For the first time since 2012’s Superstar Collection, budget-friendly WWE DVD’s have been added to the schedule, and the first one we’re seeing this year is a short documentary on “classic” music from WWE. Of course, when I say classic I mean from the Attitude Era onwards, because everything before this era (outside of Ultimate Warrior & Dusty Rhodes) is pretty much completely ignored. While this wasn’t the best of news, it was great to hear that Jim Johnston would be the primary focus of the DVD. He has been responsible for composing the majority of WWE’s music over the years, and he hasn’t had a big opportunity yet to tell his story behind the music. Sadly, the interview pieces are not very long, but what we did get was an interesting look at some iconic wrestling themes.
The total runtime of the main feature is around 53 minutes, with approximately 20 minutes of bonus segments. Get your copy — it’s in stock here on Amazon.com for only $6.00!
A top 25 countdown is used as the format for the main feature, and the choices are all pretty good, with a few notable omissions. I would have been OK if they just decided to fully ignore everything pre-Attitude Era, but the inclusion of Ultimate Warrior & Rhodes shows that this wasn’t the case. If they were going to use names from this era, then it’s ridiculous that Hogan’s “Real American” isn’t on the list. It’s definitely one of the more iconic entrance themes. I can understand not including classical music pieces like Savage and Flair’s entrances, but Hogan should have been included. Most of the other memorable entrance themes from the late 90’s onwards are present, and most segments feature interview clips with both the wrestler (usually from an old interview) and with Jim Johnston. In general, the interviews with Johnston are the most interesting. He goes into the choices for the musical style used for each entrance, as well as a breakdown of the lyrics. The comments from the wrestlers are much more surface-level; it’s usually just them saying how much they enjoyed their music.
Usually, I come to the defense of WWE for keeping documentaries short so they don’t overstay their welcome. This one is hard to defend, though. With the given runtime, we only get 1.5-2 minutes for each theme, which is just not enough time to really get much substance. I have trouble believing that Johnston didn’t have more to say about most of the entrance themes. I also wish more than 25 entrance themes were included. The Top 25 tended to be the most famous wrestler’s entrances, rather than just the best entrance songs overall. I would have enjoyed more thoughts from Johnston about the great themes for some of the less famous wrestlers. This all ties back to increasing the length overall. I’m not saying this should be more than 1 disc, but more footage could have been added.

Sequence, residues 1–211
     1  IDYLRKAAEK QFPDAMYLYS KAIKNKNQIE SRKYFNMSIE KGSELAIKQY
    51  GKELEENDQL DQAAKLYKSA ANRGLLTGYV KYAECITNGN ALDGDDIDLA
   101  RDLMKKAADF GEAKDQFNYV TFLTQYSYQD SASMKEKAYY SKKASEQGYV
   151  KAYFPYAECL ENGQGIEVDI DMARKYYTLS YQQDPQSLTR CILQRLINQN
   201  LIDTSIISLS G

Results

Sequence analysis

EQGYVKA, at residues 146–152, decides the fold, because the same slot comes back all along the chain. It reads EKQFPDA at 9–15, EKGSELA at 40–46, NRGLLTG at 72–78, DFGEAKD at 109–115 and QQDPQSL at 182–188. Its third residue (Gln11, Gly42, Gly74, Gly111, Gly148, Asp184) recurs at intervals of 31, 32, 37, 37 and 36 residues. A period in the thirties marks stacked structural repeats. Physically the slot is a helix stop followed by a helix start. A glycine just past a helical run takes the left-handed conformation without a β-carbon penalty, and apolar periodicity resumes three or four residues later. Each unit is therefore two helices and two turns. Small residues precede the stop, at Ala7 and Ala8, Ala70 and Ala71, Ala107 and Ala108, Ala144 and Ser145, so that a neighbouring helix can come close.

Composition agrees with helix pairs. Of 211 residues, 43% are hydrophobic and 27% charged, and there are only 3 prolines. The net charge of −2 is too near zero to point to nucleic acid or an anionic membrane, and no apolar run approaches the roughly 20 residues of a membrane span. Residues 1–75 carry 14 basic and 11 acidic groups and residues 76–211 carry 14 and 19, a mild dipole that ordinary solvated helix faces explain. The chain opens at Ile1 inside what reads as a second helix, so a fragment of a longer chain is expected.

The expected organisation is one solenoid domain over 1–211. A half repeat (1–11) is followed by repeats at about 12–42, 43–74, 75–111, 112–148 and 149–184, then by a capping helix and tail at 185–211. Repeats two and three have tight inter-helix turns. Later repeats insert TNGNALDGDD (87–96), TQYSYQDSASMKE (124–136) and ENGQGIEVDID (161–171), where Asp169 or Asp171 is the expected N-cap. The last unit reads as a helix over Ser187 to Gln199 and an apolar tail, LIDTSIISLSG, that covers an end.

This is a big reason why I enjoyed the bonus features so much. Here, we had similar segments on famous entrance themes of lesser stars, such as Val Venis and “Real Man” Steven Regal. It was fun to hear a discussion of some entrance themes that stand out as very different. As memorable as the entrance themes for guys like Triple H, Stone Cold Steve Austin, and Randy Orton may be, they all have a similar rock edge to them. This is very different from someone like Val Venis. Another of the bonus features shows Johnston composing Goldust’s theme using a keyboard for each of the instruments. This is very cool, and shows how each instrument has such a big impact on the song.
For the cost and time involved, I did enjoy myself while watching the countdown. I learned a few interesting things about the creation of these songs. I certainly would have preferred a longer run time to really get into a deeper discussion of each song, and let a few themes from lesser known wrestlers be discussed as well. For $6, I still think this is worth checking out, but I wouldn’t spend much more than that, and you should definitely keep your expectations at that $6 level.